Things you forget about making a book

Your book was published this week. Something you created made it out into the world, and your creative work with it is finished. (Book promotion is a different story.) There’s nothing more to write for this particular book, which makes you wistful, nostalgic even. Your book was not finished. And now, it is. One book complete, and another (and another) wait to be written. You try to remember what writing this particular book was like, but your memories have already dissipated. You realize how little you remember. You realize how much you’ve already forgotten. This thought stays with you awhile.

There’s so much you forget about making a book. There’s so little you remember.

Perhaps, there’s a reason for this forgetting. Perhaps, if you remembered everything required to write this book, you would run for the hills or the mountains or the forest or the streams instead of writing another book. Perhaps, if you remembered, you wouldn’t write the next book, the next essay, the next poem, the next paragraph, the next line, or the next word. If you remembered what making a book required, maybe you would give up on writing. Maybe you might not want to create anything. But, if you forget, maybe you can write another book because you’ve forgotten the agony of a book’s beginning and the harrowing and continuing doubts about its potential.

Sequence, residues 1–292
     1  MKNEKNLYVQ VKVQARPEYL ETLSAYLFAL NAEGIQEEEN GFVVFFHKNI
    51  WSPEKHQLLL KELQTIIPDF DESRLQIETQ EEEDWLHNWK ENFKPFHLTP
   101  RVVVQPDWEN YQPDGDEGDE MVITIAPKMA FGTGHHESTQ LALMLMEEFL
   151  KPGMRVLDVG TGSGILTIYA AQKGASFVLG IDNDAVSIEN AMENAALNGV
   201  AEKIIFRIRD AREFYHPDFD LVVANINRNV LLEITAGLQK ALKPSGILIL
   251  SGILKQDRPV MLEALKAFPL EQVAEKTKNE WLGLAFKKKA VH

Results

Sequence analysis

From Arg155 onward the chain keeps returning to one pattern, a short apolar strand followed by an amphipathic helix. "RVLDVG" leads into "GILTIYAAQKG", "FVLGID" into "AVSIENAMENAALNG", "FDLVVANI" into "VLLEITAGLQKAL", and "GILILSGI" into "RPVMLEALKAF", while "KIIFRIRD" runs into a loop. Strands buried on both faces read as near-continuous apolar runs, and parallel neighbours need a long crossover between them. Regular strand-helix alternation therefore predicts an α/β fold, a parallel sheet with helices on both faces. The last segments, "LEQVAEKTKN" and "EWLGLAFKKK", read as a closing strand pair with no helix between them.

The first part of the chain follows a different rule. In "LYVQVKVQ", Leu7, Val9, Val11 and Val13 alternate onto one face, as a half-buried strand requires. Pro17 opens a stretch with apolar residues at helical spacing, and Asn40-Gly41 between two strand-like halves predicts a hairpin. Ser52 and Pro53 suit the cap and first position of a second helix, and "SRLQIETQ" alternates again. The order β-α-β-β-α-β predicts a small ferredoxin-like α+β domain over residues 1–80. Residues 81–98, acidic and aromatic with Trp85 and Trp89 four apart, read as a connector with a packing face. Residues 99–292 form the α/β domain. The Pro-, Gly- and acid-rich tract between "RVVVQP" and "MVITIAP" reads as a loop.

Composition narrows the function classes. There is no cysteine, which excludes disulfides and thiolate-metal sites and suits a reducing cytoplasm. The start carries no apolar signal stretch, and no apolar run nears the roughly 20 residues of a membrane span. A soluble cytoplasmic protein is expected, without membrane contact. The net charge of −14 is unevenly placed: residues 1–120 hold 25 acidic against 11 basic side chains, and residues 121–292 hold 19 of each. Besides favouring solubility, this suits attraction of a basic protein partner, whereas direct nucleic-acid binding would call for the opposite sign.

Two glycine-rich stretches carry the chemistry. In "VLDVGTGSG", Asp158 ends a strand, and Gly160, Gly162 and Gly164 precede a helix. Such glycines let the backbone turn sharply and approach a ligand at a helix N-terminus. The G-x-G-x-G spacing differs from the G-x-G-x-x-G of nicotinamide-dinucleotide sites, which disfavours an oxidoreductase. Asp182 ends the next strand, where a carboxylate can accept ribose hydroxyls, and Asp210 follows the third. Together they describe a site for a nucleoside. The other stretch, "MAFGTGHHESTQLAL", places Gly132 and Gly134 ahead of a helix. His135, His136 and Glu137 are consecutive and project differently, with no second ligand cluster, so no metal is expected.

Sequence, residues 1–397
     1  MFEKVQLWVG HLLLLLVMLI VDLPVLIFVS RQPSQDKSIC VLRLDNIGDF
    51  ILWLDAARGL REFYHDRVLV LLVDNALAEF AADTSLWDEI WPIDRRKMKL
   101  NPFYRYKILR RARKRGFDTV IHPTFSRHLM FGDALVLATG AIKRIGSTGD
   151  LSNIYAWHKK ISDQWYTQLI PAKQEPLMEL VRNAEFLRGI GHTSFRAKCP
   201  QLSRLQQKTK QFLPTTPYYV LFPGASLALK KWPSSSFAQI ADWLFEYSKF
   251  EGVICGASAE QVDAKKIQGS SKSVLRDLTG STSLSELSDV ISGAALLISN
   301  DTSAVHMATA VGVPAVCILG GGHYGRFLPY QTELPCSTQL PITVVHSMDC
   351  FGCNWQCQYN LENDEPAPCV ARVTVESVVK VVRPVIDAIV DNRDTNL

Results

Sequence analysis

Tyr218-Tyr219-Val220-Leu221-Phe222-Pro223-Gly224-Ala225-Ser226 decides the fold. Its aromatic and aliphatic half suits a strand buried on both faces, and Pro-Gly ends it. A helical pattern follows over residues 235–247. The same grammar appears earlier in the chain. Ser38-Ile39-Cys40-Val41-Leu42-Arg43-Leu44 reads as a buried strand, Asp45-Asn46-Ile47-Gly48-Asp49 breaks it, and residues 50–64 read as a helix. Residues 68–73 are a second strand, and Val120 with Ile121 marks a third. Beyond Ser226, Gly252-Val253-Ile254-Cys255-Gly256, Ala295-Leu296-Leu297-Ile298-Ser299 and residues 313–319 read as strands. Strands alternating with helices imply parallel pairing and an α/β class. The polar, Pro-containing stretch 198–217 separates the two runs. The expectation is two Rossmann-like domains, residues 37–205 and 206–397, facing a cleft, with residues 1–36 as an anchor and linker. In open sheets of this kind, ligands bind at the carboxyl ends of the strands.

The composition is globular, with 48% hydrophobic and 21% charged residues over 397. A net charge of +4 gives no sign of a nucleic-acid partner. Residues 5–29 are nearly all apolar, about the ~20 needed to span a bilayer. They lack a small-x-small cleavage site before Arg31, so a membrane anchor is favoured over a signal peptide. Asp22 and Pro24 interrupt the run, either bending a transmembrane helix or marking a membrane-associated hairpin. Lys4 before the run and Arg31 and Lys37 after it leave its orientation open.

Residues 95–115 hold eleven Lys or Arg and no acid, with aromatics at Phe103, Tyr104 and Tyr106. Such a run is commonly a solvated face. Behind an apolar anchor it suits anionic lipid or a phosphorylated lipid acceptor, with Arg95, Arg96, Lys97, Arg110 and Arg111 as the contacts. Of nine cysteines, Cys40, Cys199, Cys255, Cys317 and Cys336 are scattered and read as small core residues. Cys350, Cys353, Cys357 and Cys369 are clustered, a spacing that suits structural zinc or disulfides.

Here are the all of the things you forget about making a book once it’s published:

You forget that a book is made word by word, line by line, paragraph by paragraph, page by page, and chapter by chapter. You build a book piece by painstaking piece. Only you. It’s yours to build. It’s yours to protect and harbor. It’s yours, it’s yours, it’s yours(more…)

Release Day!

This morning at 5:15 am, I looked at my phone with bleary eyes. I wanted to check my email before I left my house to catch a plane. And resting in my inbox was an email from my press letting me know that Grace Period: A Memoir in Pieces was released. I blinked a few times to make sure that my overactive imagination wasn’t playing a trick on me. I looked at my phone again, and the email was real. What a lovely thing to happen on a regular Tuesday in June.

So, today is release day for my third book, and I’m having a hard time containing my excitement. No one at the Atlanta airport seems to appreciate my inability to stop smiling. Grace Period is a different book than my previous ones because it’s memoir, not monograph. But, it’s also not a traditional memoir. The story of my transition out of academia appears in fragments, or pieces, rather than a story with a clear beginning or end. I wanted to document how it felt for my life to veer off the path I expected and onto different paths that I wouldn’t have been able to imagine four years ago.